Bonnie has made her home with me upstairs. Well, as I guessed before, I think the boys must have encouraged her to come upstairs, and now she follows me around whereever I go in the house. I'm so glad I've made 'my' area upstairs. I think the main point was that Nafees is forever hogging the TV downstairs. Even though I can only get the 5 national channels upstairs, I don't mind. And I told him, my christmas wish is a new satellite dish so that I can receive German TV upstairs. I've looked it up online, it will be about £275 including installation. That would be just wonderful.
I have now seriously started to write on my autobiography. I've got a great book which helps me to outline the chapters and do research. My main aim is to write for my children, tell them about my ancestors, and how/where I grew up. I don't want to do indepth geneology, but just go 2 generations back, talk about my grandparens (they have all passed away, so my children will never meet them), talk about my parents and how it was for me growing up in East Germany. I will try to avoid 'Ostalgie'. , which is a term used in Germany for nostalgic feeling for life in East Germany. I just want to try to tell my children and possible future grandchildren, or, indeed, anyone who would like to know how life was for me and my family. Obviously, this country (East Germany) does not exist any more now, so I just want to write my experiences.
I have come up with so far 11 different chapters and brainstorm on each of them before I can put subheadings onto each chapter,:
2. school/ early childhood
4. apprenticeship/1st job
5. Berlin / Bautransporte
6. Wall came down / Bauer
7. move to England / met Nafees
8. Danial / Imran / markets
9. back to Germany / Ruby
10. back to England / Walthamstow / Elmec
11. Met. Police / Dartford
And while brainstorming some facts about my maternal grandparents, I have already discovered some amazing stuff. My maternal grandma Helene was born in Poland in 1912, and came to Germany with her parents aged 1. They were parts of the so-called 'Schnitter' (= 'cutter') from Poland. These were seasonal workers from Poland who came to the German countryside every summer. The background is that in 1820, serfdom was ablished in Germany, and thus over the next few decades, agricultural workers bonded to the landowners were now free and moved away; big scale landowners suffered serious shortage of workers. Around 1870-1880, seasonal workers from Poland came to work on the fields, coming every year from spring to autumn. Some of those workers decided to stay in Germany, but apparently, it was not that easy and they were 'state-less'. The only possiblity of obtaining German nationality was to marry a fellow German. Again, this was not easy, and permission had to be obtained which was a long process, and often not granted. Now, this is were it gets interesting. Apparently, my grandmother was very secretive about her wedding date. And my mother eventually found out why: because my grandma officially married 2 days before my aunt Elfi was born. Well, having a child out of wedlock in 1931 was obviously very much frowned upon. But as my litle research into the polish 'Schnitter' shows, in her case it was due to the difficulties with the Polish paperwork and licence to get married to a German man.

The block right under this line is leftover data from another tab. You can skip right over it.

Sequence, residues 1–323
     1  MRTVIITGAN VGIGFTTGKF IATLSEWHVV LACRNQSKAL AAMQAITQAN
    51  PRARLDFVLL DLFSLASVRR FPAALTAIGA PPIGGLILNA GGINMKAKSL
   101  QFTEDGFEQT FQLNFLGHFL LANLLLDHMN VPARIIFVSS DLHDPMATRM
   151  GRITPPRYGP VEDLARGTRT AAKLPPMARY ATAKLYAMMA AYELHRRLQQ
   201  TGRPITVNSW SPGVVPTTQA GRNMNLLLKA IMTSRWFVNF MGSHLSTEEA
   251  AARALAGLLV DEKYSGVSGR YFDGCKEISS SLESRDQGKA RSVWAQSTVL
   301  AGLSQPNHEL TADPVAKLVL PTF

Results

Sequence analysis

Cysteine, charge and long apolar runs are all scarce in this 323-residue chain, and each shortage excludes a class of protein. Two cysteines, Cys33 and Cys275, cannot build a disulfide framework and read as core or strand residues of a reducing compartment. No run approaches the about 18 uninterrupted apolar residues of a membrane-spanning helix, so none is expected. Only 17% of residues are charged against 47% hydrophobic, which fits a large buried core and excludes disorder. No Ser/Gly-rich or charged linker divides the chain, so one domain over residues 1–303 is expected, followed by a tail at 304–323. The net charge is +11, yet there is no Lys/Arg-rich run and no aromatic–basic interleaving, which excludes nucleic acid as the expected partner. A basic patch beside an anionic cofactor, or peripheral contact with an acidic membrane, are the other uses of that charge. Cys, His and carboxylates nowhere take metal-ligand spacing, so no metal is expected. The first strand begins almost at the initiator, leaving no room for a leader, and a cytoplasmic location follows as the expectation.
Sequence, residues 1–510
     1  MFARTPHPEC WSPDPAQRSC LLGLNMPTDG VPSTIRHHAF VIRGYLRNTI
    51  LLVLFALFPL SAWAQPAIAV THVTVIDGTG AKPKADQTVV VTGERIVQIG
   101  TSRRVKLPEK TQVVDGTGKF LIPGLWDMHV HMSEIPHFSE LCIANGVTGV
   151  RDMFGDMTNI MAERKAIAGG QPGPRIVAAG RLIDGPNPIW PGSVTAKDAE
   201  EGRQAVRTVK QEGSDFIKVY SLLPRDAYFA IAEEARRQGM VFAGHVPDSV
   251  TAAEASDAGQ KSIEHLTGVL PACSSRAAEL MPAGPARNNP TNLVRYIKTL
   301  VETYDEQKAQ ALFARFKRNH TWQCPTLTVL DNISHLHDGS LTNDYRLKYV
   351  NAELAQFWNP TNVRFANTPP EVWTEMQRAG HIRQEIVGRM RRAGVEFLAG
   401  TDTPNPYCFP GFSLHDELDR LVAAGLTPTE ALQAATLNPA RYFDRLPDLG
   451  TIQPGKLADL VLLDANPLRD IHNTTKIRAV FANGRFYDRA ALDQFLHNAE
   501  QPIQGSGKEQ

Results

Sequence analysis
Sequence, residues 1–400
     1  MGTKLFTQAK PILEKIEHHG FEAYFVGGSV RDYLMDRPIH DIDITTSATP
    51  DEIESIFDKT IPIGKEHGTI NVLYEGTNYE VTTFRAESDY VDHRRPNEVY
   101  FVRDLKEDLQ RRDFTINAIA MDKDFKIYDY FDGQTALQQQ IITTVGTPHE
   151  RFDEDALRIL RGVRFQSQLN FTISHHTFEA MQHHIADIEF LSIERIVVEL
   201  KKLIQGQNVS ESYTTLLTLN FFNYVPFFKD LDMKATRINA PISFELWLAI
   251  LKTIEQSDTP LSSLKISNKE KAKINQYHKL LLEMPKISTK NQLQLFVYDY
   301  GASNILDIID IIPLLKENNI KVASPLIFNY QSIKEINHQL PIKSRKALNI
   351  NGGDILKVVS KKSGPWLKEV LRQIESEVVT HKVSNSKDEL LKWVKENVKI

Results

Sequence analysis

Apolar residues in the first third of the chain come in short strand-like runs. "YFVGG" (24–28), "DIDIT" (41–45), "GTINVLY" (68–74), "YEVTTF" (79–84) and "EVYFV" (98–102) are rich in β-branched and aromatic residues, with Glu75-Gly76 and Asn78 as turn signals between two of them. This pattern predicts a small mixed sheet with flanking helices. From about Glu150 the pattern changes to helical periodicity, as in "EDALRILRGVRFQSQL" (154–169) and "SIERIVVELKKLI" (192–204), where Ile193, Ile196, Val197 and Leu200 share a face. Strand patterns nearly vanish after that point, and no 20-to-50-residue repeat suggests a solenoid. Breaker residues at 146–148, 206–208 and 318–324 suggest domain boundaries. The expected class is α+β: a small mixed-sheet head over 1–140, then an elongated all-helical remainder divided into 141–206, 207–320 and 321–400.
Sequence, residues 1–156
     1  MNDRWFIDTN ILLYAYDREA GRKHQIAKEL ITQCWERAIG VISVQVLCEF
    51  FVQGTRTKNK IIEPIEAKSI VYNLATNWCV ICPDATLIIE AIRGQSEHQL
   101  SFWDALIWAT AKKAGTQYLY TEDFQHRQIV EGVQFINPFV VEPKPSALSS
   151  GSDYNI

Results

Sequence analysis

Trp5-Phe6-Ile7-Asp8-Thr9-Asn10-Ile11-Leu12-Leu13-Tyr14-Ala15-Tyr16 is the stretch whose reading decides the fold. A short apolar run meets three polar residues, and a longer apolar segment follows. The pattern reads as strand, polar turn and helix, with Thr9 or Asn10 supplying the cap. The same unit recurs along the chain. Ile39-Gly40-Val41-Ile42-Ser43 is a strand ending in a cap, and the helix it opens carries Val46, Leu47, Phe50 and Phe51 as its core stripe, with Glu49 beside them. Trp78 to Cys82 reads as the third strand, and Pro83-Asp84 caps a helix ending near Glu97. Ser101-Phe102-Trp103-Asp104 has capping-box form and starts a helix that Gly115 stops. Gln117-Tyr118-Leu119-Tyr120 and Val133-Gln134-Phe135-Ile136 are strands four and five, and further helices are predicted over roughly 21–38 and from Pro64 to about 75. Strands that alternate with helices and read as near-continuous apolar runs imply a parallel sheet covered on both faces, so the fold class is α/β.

7 hours ago